Some may question whether providing information or care for a person who chooses to hasten death by forgoing all oral intake is assisting in their suicide. It is not. The ethical dilemma can be addressed by resorting to the law, recognizing that “every person of adult years and sound mind has the right to control what is done to their body” [3]. Clinicians have neither the responsibility nor the right to interfere in the actions of patients with decision-making capacity. It is well-established professional practice that individual clinicians are not required to act against their own strongly held moral or religious beliefs. However, it is also the case that clinicians are expected to inform their patients of all legally available end-of-life options and may not simply abandon the patient. In the face of strong moral conflict, a clinician who is opposed to a particular practice is expected, before withdrawing from the case, to transfer care of the patient to another clinician who will provide information and support for the patient’s legal options. [4]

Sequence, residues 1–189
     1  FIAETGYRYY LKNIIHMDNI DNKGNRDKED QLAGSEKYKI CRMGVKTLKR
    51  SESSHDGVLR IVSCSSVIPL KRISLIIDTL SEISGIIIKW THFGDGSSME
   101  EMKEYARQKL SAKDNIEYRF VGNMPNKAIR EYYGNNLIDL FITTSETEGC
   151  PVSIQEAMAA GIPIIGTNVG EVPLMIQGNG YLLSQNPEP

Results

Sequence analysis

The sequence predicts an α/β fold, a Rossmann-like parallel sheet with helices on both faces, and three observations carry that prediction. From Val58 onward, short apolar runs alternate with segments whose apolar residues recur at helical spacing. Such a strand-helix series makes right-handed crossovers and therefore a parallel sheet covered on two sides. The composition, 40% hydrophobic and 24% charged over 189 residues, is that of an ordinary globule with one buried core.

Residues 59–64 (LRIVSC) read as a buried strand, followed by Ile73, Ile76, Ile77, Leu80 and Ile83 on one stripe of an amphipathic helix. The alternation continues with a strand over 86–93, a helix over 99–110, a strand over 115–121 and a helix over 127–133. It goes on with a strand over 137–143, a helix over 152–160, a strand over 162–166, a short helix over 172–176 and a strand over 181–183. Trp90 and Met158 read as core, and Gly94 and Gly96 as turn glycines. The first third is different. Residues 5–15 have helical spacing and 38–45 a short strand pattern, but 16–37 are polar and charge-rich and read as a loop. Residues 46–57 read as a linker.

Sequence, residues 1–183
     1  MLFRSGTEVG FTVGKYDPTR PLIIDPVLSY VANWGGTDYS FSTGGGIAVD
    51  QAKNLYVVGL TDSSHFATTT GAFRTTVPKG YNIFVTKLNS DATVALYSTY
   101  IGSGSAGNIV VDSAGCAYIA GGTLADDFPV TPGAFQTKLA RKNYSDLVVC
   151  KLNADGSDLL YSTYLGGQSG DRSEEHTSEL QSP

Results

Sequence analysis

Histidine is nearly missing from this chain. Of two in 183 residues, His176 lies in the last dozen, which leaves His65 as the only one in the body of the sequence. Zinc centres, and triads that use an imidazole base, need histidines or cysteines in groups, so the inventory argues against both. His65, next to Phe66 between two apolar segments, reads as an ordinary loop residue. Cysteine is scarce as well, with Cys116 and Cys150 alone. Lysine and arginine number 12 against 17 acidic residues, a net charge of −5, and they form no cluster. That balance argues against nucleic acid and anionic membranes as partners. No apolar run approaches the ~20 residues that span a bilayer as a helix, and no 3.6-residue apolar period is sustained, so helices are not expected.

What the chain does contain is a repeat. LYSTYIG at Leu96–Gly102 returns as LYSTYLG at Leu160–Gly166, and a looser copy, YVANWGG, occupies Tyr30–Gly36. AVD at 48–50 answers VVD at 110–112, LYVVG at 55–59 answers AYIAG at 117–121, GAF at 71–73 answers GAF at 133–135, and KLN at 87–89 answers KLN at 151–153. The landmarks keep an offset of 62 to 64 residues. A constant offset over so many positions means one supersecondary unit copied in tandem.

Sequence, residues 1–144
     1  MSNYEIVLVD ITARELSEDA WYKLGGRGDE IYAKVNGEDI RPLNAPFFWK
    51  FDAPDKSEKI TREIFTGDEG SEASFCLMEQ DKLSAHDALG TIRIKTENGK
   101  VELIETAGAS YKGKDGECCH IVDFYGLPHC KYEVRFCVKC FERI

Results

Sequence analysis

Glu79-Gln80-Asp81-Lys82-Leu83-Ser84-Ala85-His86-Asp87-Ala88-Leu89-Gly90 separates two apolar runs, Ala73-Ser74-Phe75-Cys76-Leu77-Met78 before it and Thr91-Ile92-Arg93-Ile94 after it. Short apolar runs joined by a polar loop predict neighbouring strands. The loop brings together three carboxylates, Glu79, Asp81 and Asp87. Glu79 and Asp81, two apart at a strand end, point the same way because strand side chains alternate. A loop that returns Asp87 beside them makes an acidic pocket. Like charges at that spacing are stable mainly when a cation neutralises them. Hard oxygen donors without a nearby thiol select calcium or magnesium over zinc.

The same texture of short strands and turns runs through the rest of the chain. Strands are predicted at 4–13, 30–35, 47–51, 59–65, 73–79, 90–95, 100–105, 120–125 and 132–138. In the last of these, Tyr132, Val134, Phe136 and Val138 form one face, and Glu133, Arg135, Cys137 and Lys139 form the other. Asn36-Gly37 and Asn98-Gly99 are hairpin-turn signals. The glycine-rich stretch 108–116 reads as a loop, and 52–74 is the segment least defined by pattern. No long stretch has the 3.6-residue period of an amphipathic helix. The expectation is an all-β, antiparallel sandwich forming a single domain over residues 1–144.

1.  Schwarz, JK. 2017. Alzheimer’s Disease and Written Directive to Withhold Oral Feedings: Clinical Challenges in New York State. Seattle Journal for Social Justice. 15:3;741-770.

  2. Assessment of Patients’ Competence to Consent to Treatment. Paul S. Appelbaum, M.D.

    N Engl J Med 2007; 357:1834-40.

  3. Schloendorff v. Society of New York Hospital, Court of Appeals of New York. April 14, 1914, 211 N.Y. 125, 105 N.E. 92.

  4. Schwarz, JK. 2014. Hospice care for patients who choose to hasten death by voluntarily stopping eating and drinking. J Hospice & Palliative Nursing. 16:3;126-131.